World Surf League accused of “shrinking and pinking” women’s tour, “It’s not a great look for an organization that likes to talk about its commitment to equity”

"In the outdoor industry, brands used to take a mediocre men’s product, make it smaller and paint it pink. Shrink it, and pink it."

Welcome back to the extremely occasional Beachgrit coverage of the women’s Championship Tour. We have made it, at last, to the mid-season cut.

Did you cry?

Were you so very sad for the women we left behind? Honestly, I’m having a hard time remembering them at all. Now there are 10. Plus, two wildcards.

In the outdoor industry, brands used to take a mediocre men’s product — never anything high end — make it smaller, because women are so very small, and paint it pink. Shrink it, and pink it. Much the same could be said to the current approach of the World Surf League toward the women’s CT.

It is certainly much smaller than the men’s version. Post-cut, the men’s draw includes 24 surfers. Women, well, they get 12. It’s not a great look for an organization that likes to talk about its commitment to equity. Next time, maybe they’ll paint it teal instead.

Let’s take a look at who’s left, where they’ve been, and where they’re headed. Well, we do know where they’re headed. That’s right, they’re all headed straight for Lemoore. I guess I’m going there, too, unless I can think of a super good excuse.

In fact, if you have a good excuse you can lend me, feel free to share it! I need all the help I can get over here.


Let’s start with the wildcards. On the women’s side, there are two new wildcards — one for the remainder of this season and 2024 and one for 2024. There were minimal shenanigans here.

Johanne Defay spent much of the season out with a foot injury, and has the surgery scar to prove it. Johanne is super, super stoked that Steph made the cut or she might have been left out in the cold. Johanne finished last year third in the world, which gave her the edge over injured rookie Sophie McCulloch. Johanne’s currently last in the rankings, so she’s unlikely to challenge for the top five again this time around.

Arguably Brisa is a less obvious choice for the 2024 season wildcard. After all, Soph is right there and had a giant brace on her ankle. Soph missed two events, making the cutline a steep climb. That should be why the wildcards exist. But Brisa was the top-ranked woman to miss the cut, has been on Tour since 2016, and won Sunset in 2022. She’s also qualified for the Olympics. I suspect it’s that last detail that gave her a second chance.

To the rankings!

10. Steph Gilmore. She made the cut. For a six-time world champion, there should not have been any question on this front. Steph currently sits sixth just 1800 points behind Caity Simmers. Steph’s typically done well at Surf Ranch, and the right point at J-Bay awaits her. Steph can readily make a run up the rankings, if she brings her best surfing and the conditions aren’t total dogshit. Expect her in the top five before long, but she gets last here due to there even being any suspense at all over her ability to make the cut.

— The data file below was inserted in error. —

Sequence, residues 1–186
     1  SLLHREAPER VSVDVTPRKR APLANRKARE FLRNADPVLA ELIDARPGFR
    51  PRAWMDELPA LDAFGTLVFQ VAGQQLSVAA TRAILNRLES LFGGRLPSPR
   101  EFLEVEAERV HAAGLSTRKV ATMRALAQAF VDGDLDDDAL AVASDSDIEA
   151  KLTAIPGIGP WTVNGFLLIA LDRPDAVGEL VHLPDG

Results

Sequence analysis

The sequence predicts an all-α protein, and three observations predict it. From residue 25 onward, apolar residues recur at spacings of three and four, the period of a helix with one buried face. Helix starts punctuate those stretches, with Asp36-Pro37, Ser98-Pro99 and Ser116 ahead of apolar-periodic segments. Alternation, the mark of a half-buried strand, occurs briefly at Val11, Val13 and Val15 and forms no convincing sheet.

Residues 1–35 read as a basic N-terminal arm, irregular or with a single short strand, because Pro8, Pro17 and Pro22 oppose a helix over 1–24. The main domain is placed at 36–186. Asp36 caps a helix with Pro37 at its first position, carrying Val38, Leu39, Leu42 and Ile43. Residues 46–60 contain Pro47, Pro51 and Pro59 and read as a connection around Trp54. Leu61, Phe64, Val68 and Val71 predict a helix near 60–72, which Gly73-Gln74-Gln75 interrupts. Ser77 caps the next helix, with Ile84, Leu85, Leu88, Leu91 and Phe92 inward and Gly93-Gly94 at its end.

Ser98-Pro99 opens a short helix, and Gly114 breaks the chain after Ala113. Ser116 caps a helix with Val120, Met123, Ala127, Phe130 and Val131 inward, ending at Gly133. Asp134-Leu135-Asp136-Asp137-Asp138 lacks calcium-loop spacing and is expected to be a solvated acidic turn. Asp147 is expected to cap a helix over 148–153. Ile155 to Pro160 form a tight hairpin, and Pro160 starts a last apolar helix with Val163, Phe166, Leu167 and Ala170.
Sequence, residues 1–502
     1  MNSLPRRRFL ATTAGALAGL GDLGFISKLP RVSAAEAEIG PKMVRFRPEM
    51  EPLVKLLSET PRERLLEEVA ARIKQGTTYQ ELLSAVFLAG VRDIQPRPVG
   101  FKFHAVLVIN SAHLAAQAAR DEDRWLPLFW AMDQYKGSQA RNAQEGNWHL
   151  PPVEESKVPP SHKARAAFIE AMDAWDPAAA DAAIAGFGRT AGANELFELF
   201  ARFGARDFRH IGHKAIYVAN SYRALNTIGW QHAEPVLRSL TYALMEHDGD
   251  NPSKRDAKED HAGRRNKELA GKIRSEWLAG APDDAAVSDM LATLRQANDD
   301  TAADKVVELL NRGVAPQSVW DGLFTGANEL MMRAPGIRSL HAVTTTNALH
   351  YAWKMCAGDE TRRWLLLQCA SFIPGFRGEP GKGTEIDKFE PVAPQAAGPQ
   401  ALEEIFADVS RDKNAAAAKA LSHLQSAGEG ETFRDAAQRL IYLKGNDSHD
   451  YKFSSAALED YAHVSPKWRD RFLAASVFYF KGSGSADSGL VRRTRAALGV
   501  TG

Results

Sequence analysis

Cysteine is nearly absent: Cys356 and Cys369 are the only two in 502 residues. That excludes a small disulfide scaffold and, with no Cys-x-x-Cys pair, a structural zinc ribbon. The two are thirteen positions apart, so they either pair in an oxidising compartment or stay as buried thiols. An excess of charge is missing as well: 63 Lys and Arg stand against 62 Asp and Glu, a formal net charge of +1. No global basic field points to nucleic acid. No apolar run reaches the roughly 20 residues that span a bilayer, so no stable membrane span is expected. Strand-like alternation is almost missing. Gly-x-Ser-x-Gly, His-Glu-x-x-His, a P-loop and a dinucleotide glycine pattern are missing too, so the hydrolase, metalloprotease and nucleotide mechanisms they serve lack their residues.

9. Tati West. She’s always just right there. Currently tied on points with Steph, Tati also sits just outside the top five. She hasn’t done anything exciting this year, but sometimes, exciting isn’t necessary. Tati’s consistent with two quarters, a semi, and a ninth. Add another semi — or even an event win, and she’ll be right back in the top five again. Tati already has her Olympic qualification sealed, so she could be forgiven for relaxing into the second half of the season. She’s ranked low on my list due to my inability to get excited about her surfing. Maybe that’s my fault. I’ll try harder for next time.

8. Lakey Peterson. Thanks to her quarterfinal finish at Margaret River, Lakey squeaked over the cut line. Mostly though, it’s been a forgettable season for her with a string of early round exits. When Lakey can do her signature wrap, she gets the scores. When she can’t, it often comes apart for her. Lakey’s freesurfing is dynamic and creative, and it would be cool to see her bring more that vibe to her heats. What’s not always evident on video is just how fast she surfs. At Margaret River, Lakey made Steph look like the she was surfing in slow motion. Lakey has won Surf Ranch in the past and she’s fiercely competitive. A run up the rankings is not at all out of the question. She’s sitting down here based on her performances so far this year. The future is wide open.

7. Gabriela Bryan. Gabriela was the only rookie to make the cut last year, and here she is, making it again. She got off to a solid start in Hawaii where she made the quarters at Pipe and the semi at Sunset. Then she made a speedy slide down the rankings. Small waves don’t suit her powerful style and Hawaiian upbringing. It’s a skill she’ll need to cultivate. The back half of the year should suit her better, though first timers often struggle with sheer strangeness of the Surf Ranch. Gabriela is currently tied on points with Bettylou and Lakey, and they all sit eighth. The top five looks close, but looks deceive.

6. Bettylou Sakura Johnson. Earlier this week, Bettylou posted a few solid clips from Snapper where she is preparing to do the Challenger Series event. After missing the cut last year, Bettylou is set for her first attempt at the second half of the year. At times, there’s still some grom arms in her surfing, and she looked underpowered next to Molly in their quarterfinal at Bells. But freesurfing in good waves, Bettylou shines. She’s well-rounded — she got shacked at the Box — and at her best, stylish. Like Gabriela, she’s got game, and hassled hard in her heat against Carissa at Pipe. Bettylou’s next challenge is to bring it all together consistently in her heat surfing. She’s still only 18, and a full year on Tour should help.